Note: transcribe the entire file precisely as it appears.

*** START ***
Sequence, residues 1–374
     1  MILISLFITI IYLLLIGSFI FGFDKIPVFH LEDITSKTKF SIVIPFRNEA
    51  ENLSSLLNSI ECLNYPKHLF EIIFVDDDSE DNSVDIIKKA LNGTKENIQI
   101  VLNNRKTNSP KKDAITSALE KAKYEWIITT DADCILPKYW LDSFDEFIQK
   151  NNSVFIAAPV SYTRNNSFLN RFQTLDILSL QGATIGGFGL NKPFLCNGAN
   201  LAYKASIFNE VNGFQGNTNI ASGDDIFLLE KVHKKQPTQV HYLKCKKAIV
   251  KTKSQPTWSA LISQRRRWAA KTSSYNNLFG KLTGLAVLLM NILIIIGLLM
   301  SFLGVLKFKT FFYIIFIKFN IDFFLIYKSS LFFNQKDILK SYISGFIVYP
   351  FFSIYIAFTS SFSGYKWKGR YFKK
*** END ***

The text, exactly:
Sequence, residues 1–374
     1  MILISLFITI IYLLLIGSFI FGFDKIPVFH LEDITSKTKF SIVIPFRNEA
    51  ENLSSLLNSI ECLNYPKHLF EIIFVDDDSE DNSVDIIKKA LNGTKENIQI
   101  VLNNRKTNSP KKDAITSALE KAKYEWIITT DADCILPKYW LDSFDEFIQK
   151  NNSVFIAAPV SYTRNNSFLN RFQTLDILSL QGATIGGFGL NKPFLCNGAN
   201  LAYKASIFNE VNGFQGNTNI ASGDDIFLLE KVHKKQPTQV HYLKCKKAIV
   251  KTKSQPTWSA LISQRRRWAA KTSSYNNLFG KLTGLAVLLM NILIIIGLLM
   301  SFLGVLKFKT FFYIIFIKFN IDFFLIYKSS LFFNQKDILK SYISGFIVYP
   351  FFSIYIAFTS SFSGYKWKGR YFKK